Invasion of the Large Family: Stay Together or Divide and Conquer?by Joe Needham, contributing writer
by Joe Needham, contributing writer
One of the many aspects to the magic of Disney is that fun can be had by parties of all sizes. Disney has something for everyone, whether alone, in pairs, or with large groups.
If you have a large family or group, however, it's important to have a strategy to get the most out of your day. There are strategies on the order to see things, strategies around eating, strategies around which park to visit on which day, and more.
When I travel to Disney, we are a group of at least six people—two sons (ages 19 and 7), two daughters (ages 17 and 12), my wife, and myself. And on my last trip right before Christmas, our group ballooned to 13 people with the addition of family relatives.
The most important strategy, based on my experience, is knowing when to stay together and when to split up. So let's take a look at the pros and cons of various scenarios.
Fastpass tickets are only available for admission media that have been activated at the front gate for the day. If your group shows up at different times, your party cannot make the most of the Fastpass opportunities as a group.
During our last trip with the 13 people, only eight of us wanted to go on the the main headliner attractions like Rock ‘n’ Rollercoaster and Expedition Everest. This meant that we had 13 admission media activated in the park and available to obtain Fastpass tickets with, but only eight people who actually needed Fastpass tickets.
The result? Those eight people got at least three rides a piece with minimal waits when I picked up two sets over the course of the day.
If you separate the group, you lose the ability to stockpile Fastpass tickets.
For example, during one of our trips to Epcot, nine people in our party decided to sleep in and come in after lunch. They arrived around 1:00 p.m. to the park, and by then, Fastpass tickets were already depleted for Soarin’ and Test Track.
Fortunately for my group we spent two days at Epcot so we got multiple rides in on both of those before. But if that would have been the only day at Epcot, then a large contingency of our group would have been extremely disappointed.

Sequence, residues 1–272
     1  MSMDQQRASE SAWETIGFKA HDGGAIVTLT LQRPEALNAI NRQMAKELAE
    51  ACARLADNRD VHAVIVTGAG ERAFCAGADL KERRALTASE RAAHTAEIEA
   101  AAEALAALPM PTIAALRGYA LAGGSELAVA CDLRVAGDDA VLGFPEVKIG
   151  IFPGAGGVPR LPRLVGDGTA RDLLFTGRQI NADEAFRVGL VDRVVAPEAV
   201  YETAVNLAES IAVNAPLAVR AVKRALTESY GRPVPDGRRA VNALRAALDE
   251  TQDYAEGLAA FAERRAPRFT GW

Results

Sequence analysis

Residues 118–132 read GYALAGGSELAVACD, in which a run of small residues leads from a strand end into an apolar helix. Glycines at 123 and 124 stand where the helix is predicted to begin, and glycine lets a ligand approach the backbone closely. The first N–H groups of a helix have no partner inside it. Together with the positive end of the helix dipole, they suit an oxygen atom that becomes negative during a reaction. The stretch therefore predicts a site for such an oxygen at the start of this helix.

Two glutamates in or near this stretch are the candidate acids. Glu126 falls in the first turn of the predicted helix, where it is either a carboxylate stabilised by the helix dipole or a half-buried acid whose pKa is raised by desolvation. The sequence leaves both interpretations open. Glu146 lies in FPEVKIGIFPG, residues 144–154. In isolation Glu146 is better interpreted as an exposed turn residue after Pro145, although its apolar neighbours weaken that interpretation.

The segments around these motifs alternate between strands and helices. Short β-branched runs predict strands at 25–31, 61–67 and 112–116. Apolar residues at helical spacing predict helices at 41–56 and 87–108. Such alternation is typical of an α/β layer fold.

Of course Disney has photographers primed and ready to capture photos for you. But I am sure that if you look back on your trips, it was the spur-of-the-moment photos that are the best.
In my family, my father-in-law enjoys photography, so he wants to stay as close to everyone as possible to get as many photos as he can. For this reason, it's easier to get a photo of the entire group with a character you stumble upon, or to be there to capture the faces of the kids when they come off of Tower of Terror if we're all together.
If you are all split up, you are constantly saying, “I wish you were there; Mickey Mouse walked up”, and so on, and some photo opportunities are missed.
Child swap and child management
The child-swap system benefits from staying together, similar to Fastpass. If you have a youngster in your group who isn’t tall enough to meet the height requirements for an attraction, take your group to the ride queue, and let the cast member know you want to do a child swap, then they will give you a fastpass for up to three more people. Then someone gets to stay back and babysit while the first part of your group rides, then another volunteer stays with the youngster and some others get a second ride with the first babysitter.
Staying together also has some benefits in managing a youngster who is upset about the fact that they can’t ride. My experience has shown that my youngest was always more excited to know that his big brother was going to stay with him for this go round. If the big brother had split off then you lose a babysitter option.
Disadvantages to staying together
Yes, you read that right—staying together may itself be a disadvantage. Staying together may not be worth it if you have a group that does not have the same interests or abilities.
It is no easy task when you are in a busy park to move a large group. Take Animal Kingdom, for example, it is hard to move a group from Kilimanjaro Safaris to Dinosaur, especially when part of that group has absolutely no idea where they are going or when the avid photographer in your group (yes, my father-in-law again) is far too focused on looking through the lens of his camera.